During a recent visit to Copenhagen, Denmark, accredited practising dietitian and self-confessed ‘‘superfood lover’’ Sarah Leung trialled this way of eating and chats to us about the results.
What does the Nordic diet involve?
The main aim of the New Nordic Diet is to promote health and wellbeing as well as individual and environmental sustainability. The New Nordic Diet is basically about eating more vegetables and seasonal organic food from the region
The University of Copenhagen partnered with renowned restaurants in Denmark to develop more than 300 recipes that are delicious and are Nordic ingredient based. These experts also developed the following 10 fundamental principles:
- More fruit and vegetables every day (lots more: berries, cabbages, root vegetables, legumes, potatoes and herbs).
- More whole grain, especially oats, rye and barley
- More food from the sea and lakes
- Higher-quality meat, but less of it
- More food from wild landscapes
- Organic produce whenever possible
- Avoiding food additives
- More meals based on seasonal produce
- More home-cooked food
- Less waste
What are the health benefits of following such a diet?
Large scale ongoing research and studies to measure the effectiveness of The New Nordic Diet have been carried out since 2009.
One study compared weight loss and body fat loss between two groups over 12 weeks (a New Nordic Diet group and an Average Danish Diet group). The study found the group who ate the NND had more body weight loss compared to the ADD group despite no significant energy intake difference.
Is this diet practiced by a certain cultural group already, like the Mediterranean diet?
Danes still love their traditional foods (think porridge, smørrebrød or open sandwiches and the classic roast pork with crackling washed down with beer). It’s fair to say that the New Nordic Diet has dramatically changed Danish gastronomy and created an entirely new focus on local ingredients.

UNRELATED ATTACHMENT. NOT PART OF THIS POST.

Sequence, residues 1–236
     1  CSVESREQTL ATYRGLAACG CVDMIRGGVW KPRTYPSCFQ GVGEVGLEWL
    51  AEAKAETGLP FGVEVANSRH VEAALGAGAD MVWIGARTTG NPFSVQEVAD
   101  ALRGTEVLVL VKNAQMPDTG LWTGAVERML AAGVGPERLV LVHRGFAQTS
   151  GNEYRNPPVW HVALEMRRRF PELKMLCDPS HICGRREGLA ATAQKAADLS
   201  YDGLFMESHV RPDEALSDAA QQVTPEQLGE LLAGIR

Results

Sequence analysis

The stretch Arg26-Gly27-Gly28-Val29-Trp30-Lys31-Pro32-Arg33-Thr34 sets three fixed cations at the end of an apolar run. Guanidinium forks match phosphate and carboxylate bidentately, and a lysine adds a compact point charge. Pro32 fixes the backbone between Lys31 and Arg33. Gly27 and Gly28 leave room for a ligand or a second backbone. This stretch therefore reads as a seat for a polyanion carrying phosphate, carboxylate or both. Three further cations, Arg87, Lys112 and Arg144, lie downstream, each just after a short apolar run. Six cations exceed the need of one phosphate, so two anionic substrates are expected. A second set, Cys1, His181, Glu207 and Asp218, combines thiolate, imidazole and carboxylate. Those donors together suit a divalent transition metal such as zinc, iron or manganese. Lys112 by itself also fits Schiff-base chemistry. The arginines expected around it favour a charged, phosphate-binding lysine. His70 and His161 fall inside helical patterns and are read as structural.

We have been hearing appraisals of the Mediterranean fish, olive oil, nuts and vegetable based diet for some time now. What are the differences between the two?
The ‘Mediterranean Diet’ has gained a lot of publicity over the past five years, for highlighting how eating healthy fats (such as those found in fish, olive oil, nuts and seeds) can promote heart health. In several ways, The New Nordic Diet is similar to the Mediterranean diet, but there are some differences. These variances largely reflect the differences in each region’s produce, climate and geography. For example, the New Nordic Diet relies on rapeseed (canola) oil; while the Mediterranean Diet favours olive oil…There is also an abundance of tomatoes in the Mediterranean region, but few tomatoes in Nordic countries.
Does the Nordic diet trump this one in terms of ageing and longevity and overall wellbeing?
There is no research that directly compares the New Nordic Diet to a Mediterranean diet. However, it’s safe to say that both diets promote a sustainable and a healthy style of living. Here in Australia, we may find it difficult subscribing to some of the Nordic Diets fundamental principles (e.g. more food from wild landscapes). However, a diet that’s predominantly plant based and promotes whole grains, fish, lean meats and unsaturated vegetable oils over added sugars, refined grains and highly processed foods can be easily maintained in any country.
What are some simple dishes that adhere to this diet?
While in Denmark recently, I trialled some recipes (including a delicious salad and fish chowder using cold smoked cod)